I recently attended a professional development seminar Peak Learning Systems Performance Excellence for All Kids. I came away with several strategies I like to use in class. One struck a chord–music as an instructional tool.
For some this may seem like a gimmick at first. I was skeptical too, but I tried it and it works. Music is everywhere, in organized religion, the military, and sports. It teaches, engages, and energizes us. Music can be a powerful tool in the teaching and learning setting.
Peak Seminar Suggestions:
- Beat: Match the pace of music selections to the energy level you want to encourage. For energy select fast music over 60 beats per minute up to 180 or more (faster than normal, at rest heart beats). For calm use music between 40 and 60 beats per minute (slower than normal heart rates). For work select familiar music with a simple beat of about 50-75 beats per minute (normal heart rates for people working calmly).
- Classroom Focus: Always screen music to ensure the lyrics are appropriate. I would suggest a step further– research song selections. Appropriate words are only half of it; appropriate meaning is important too.
- Audience and Purpose: Select music with a target in mind. Do you want to motivate, energize, soothe, unsettle, relax, provoke sadness or laughter? Rock and roll, jazz, classical, baroque, country, bluegrass, rag time, theme music, and blues all have a place, but careful consideration is important.
How I Integrated Music?
Song of the Week: Each week I select a song for the week. It signals a shift in the daily lesson. My school’s schedule consists of six-periods each with 55 minutes of instructional time. I break instruction into 10-20 minute chunks and include 2-5 transitions in each class period. The song of the week signals a transition is near. I use volume to dictate time. For instance, if I have a 3:00 music selection, I may play only the first :30 seconds and use volume to alert students. When the music stops students realize it’s time to listen to instructions or go to the next step (based on previous direction).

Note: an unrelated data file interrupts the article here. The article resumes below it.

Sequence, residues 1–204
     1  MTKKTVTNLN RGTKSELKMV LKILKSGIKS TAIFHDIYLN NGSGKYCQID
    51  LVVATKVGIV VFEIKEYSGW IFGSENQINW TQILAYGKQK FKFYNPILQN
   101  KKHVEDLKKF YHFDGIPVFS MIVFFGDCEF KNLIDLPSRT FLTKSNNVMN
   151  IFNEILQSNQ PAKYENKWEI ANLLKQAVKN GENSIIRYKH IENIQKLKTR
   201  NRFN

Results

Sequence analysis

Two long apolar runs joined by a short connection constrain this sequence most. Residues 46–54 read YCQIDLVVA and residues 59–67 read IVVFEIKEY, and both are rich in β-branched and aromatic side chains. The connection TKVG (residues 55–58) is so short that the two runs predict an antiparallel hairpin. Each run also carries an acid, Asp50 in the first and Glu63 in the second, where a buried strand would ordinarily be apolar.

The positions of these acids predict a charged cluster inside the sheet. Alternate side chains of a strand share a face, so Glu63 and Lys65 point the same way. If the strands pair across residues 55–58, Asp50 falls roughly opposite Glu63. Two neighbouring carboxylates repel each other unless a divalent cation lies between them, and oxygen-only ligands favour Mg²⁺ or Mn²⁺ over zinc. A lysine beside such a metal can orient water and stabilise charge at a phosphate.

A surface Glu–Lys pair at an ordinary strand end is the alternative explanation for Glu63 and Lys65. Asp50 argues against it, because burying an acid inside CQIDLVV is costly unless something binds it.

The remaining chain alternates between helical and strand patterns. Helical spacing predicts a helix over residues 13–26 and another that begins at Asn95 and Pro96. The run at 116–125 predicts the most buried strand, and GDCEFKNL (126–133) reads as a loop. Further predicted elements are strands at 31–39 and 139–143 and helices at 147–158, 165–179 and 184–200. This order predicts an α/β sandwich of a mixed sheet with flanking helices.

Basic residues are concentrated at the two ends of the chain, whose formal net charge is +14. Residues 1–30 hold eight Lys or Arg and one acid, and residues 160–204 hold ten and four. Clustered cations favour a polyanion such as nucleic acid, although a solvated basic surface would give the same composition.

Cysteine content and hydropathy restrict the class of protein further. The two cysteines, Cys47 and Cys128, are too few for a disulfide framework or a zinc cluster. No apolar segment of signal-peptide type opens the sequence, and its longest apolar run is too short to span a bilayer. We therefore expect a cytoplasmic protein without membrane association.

Music gets us out of our duty-bound pragmatic left brain lives–like daydreams or play that calms us–perfect for a soothing or energizing shift back into task-focused behavior.
During class work I select music for a specific theme or subject. When teaching The Odyssey, I select songs with a journey association: The Beatles, Get Back (Odysseus’ longing for home); The Beatles, Help (Odysseus’ trip to the Underworld seeking advice); The Crest, Trouble in Paradise (Odysseus’ return and the suitors). Music can enhance almost any lesson across disciplines. Listening skills can focus concentration, increase pleasure and enhance knowledge. Streaming music of different times and genres can support creative assignments in writing, art, psychology or social behavior. You can select songs to signal partner work, group work, or independent study. In its website Peak provides a free resource for music title selection: Classroom Playlist.
Decide what works best–for you, your classroom climate, and most importantly, your students. I got past pessimism and plugged music in. My classroom is better for it.